ESA Space Bricks' landing at Lego Stores could help build real Artemis moon base

Jun 19, 2024
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Nice idea but you shouldn't use polylactide as binder as it is biodegradable and likely to degrade just from the sunlight. Not very realistic. It would be a nice research project to find a binder made from Lunar material, such as water (from ice) and some extractable chemicals in the dust. Another nice project would be to find a "brick" shape that allows curved structures (iglu comes to mind).
 
Th e "binder" seems to be the issue, both for durability and availability.

There was another article (somewhere) about using solar power to melt and fuse regolith to make lunar roadways and other surfaces. I wonder it that would be more feasible.

The tradeoff seems to be whether it takes less fuel and flights to get enough binder or enough solar cells to the lunar surface to make a specific amount of bricks for a project.

Although solar cells last for a long time, they do degrade. So, it is not a way to get unlimited bricks once there are solar cells delivered to the Moon. And, getting the power to fuse regolith would require a lot of solar cells, or it would be a very slow process to make a pile of bricks.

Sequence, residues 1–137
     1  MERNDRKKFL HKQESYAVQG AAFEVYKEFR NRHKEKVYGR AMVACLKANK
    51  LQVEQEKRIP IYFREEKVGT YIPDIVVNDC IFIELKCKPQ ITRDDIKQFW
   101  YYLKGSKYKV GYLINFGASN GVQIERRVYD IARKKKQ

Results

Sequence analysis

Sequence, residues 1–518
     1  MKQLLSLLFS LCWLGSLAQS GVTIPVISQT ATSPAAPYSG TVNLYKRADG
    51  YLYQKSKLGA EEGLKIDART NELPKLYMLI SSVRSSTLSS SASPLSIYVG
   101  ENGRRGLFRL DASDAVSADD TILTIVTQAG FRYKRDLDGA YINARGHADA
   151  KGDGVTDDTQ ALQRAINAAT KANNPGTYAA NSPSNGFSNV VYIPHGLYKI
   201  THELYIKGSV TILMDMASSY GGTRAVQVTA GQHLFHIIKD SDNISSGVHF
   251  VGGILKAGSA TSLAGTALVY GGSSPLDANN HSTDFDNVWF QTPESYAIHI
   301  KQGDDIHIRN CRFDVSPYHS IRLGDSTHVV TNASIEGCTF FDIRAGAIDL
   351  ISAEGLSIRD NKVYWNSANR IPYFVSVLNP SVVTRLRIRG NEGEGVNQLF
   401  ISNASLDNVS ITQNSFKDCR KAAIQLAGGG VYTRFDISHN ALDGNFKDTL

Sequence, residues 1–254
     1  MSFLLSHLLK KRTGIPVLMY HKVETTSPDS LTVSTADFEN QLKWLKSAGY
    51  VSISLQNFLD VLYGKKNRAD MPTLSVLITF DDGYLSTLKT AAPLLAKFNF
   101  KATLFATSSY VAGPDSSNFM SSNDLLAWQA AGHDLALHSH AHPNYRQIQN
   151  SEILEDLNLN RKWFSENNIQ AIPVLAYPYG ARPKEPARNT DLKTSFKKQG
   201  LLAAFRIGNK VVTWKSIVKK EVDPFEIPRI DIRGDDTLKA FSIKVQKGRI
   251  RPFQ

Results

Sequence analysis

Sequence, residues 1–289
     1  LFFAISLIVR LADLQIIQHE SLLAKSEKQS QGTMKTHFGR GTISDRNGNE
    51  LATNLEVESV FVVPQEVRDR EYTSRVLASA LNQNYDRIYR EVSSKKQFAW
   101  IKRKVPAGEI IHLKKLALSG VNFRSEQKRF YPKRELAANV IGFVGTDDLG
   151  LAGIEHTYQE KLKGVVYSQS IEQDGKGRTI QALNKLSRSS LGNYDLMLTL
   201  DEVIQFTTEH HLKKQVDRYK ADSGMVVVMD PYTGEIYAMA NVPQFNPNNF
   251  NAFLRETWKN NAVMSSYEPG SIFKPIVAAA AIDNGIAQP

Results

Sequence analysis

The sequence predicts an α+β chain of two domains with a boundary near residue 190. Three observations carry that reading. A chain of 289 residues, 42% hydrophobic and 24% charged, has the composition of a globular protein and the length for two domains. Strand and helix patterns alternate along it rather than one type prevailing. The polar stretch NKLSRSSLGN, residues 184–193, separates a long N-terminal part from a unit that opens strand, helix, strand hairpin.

Another idea might be a solar furnace, with mirrors located in rings around an elevated vat to heat the vat to temperatures sufficient to melt the regolith. But, I am not sure we could make a vat that would not melt along with the regolith. If feasible, regolith dust could be dumped in the top of the vat and what is really rock lava could be poured out of the bottom into molds to make the bricks, or maybe into a 3D printer of some type. But, the high temperatures necessary for that might make it infeasible to build the necessary tools to withstand the heat.